Fairer Scotland

Collaboration over conflict – the only way for a modern Scottish planning system

October 30, 2018 by 9 Comments | Category Uncategorized

As stage 2 of the Planning Bill continues, the Local Government and Communities Committee will soon be looking at rights of appeal in planning.  This is about whether any person should have a right to have the decision reviewed, in the same way that the applicant can.

This might sound simple, but it is not.

Proposals to change rights of appeal in planning are not new; nor are the arguments for and against. There were calls for a third party right of appeal – now sometimes called an equal right of appeal – during the last Planning Bill back in 2006.  There had been a detailed consultation prior to that, and Parliament decided against it.

When talking about equal rights, we need to remember that the planning system was devised to have elected bodies – local authorities and Ministers, and the officials who work for them – balance the broad public interest against the private interests of applicants.  The right for applicants to appeal has been, and remains, a vital element of that balance in the planning system; and it has proven its value in ensuring much-needed development of homes, facilities and other places our society values can proceed.  Appeals are decided by Government reporters working independently. Their professional decisions look afresh at all the circumstances of each case.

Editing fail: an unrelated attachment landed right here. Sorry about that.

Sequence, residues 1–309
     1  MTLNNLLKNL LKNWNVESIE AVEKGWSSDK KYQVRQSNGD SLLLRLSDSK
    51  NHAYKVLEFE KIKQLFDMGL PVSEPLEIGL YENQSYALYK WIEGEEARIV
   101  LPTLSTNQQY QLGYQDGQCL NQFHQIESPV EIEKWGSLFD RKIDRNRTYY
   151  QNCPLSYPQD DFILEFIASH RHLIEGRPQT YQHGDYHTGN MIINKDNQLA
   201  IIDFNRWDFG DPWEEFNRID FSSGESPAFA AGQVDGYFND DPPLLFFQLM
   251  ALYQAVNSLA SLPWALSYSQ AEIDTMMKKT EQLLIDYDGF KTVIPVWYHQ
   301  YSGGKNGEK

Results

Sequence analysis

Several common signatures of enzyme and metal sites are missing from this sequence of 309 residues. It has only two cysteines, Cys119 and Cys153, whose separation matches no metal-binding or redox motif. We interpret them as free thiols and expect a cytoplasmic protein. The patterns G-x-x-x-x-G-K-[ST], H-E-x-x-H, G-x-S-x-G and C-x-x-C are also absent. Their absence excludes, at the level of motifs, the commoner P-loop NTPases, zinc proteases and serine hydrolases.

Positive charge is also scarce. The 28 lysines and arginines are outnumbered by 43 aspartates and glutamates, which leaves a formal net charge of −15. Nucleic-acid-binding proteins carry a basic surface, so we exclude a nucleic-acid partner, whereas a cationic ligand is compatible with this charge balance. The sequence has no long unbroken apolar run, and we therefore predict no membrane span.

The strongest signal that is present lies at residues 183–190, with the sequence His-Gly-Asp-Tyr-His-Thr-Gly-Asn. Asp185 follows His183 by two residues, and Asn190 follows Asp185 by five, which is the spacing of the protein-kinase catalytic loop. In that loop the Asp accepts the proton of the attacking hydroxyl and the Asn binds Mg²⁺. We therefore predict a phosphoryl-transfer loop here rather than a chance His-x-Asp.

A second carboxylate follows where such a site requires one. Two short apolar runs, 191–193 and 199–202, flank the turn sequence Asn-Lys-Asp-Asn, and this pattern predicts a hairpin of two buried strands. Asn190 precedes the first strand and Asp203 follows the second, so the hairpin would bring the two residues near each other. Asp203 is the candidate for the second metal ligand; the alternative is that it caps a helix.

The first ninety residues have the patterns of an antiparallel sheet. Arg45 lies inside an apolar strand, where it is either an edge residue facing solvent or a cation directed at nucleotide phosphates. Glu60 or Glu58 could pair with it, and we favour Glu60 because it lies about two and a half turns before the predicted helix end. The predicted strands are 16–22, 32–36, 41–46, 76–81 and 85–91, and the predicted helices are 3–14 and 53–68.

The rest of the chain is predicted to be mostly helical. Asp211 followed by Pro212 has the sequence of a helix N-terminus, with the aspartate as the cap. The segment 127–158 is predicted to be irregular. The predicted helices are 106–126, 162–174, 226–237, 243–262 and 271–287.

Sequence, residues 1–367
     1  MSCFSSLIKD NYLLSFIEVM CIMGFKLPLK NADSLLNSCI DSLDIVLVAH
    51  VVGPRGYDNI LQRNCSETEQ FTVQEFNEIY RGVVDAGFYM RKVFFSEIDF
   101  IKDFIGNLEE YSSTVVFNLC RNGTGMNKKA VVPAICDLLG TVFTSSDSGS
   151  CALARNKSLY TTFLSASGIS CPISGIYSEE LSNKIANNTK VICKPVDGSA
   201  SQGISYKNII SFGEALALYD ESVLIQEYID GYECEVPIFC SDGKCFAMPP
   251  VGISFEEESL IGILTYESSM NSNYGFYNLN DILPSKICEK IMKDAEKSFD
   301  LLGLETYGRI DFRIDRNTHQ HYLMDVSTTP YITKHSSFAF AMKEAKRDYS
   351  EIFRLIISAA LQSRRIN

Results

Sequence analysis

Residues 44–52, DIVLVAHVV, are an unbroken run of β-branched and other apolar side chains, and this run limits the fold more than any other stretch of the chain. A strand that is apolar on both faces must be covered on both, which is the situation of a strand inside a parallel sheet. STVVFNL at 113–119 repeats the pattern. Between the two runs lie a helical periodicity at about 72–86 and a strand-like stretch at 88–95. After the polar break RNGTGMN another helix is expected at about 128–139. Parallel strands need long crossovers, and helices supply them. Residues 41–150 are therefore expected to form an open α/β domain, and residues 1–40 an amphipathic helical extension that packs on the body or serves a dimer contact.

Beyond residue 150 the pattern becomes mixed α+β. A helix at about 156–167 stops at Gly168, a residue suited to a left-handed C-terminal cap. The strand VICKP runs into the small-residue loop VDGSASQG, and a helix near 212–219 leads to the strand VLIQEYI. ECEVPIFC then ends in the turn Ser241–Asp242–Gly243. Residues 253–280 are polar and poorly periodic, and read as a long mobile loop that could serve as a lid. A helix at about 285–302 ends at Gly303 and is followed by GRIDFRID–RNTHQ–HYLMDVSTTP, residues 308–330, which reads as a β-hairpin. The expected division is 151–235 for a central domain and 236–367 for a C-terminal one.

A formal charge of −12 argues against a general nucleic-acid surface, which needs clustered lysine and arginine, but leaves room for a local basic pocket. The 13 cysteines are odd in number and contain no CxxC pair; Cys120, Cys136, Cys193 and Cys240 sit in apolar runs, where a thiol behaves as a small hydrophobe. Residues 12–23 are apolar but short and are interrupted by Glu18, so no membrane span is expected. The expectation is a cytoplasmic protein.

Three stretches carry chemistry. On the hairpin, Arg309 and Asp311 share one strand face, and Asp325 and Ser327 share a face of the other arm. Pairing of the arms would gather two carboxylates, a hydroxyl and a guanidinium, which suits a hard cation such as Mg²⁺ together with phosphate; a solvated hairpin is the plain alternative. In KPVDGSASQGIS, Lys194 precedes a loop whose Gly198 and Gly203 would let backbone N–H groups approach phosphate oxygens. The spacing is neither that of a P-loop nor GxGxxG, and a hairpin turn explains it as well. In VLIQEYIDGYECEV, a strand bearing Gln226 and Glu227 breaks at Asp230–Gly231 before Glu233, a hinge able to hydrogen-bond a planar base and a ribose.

I can see why people might be attracted to the idea of adding a new round of appeals for objectors.  But we need to be careful not to conflate what is essentially an extra procedural step with some means to stop unpopular planning decisions.

The community view in planning is often portrayed as being the opinions of those who, for whatever reason, object to new development in their neighbourhoods.  But there are plenty of people within our communities who want development to happen; in places where homes and jobs are badly needed.  Places right across Scotland.

As we might expect, the construction sector is strongly opposed to an equal right of appeal.  They take investment risks and have much to gain or lose from planning.  They are also best placed to highlight the scale of impact on the construction sector and investment in Scotland.  But many planning professionals also oppose it.  Planners are trained to be objective, using rational judgement and evidence to inform decisions about development and use of land that are in the long term public interest.

The case for an ‘equal’ right of appeal is often made around ‘big business’ with substantial resources being too strong for communities to resist.  But people, businesses and organisations of all sizes apply for planning permission every day, and they all would be directly affected by the delays that a further appeal against an approval would introduce.  Impacts that put essential investment in Scotland’s communities at risk.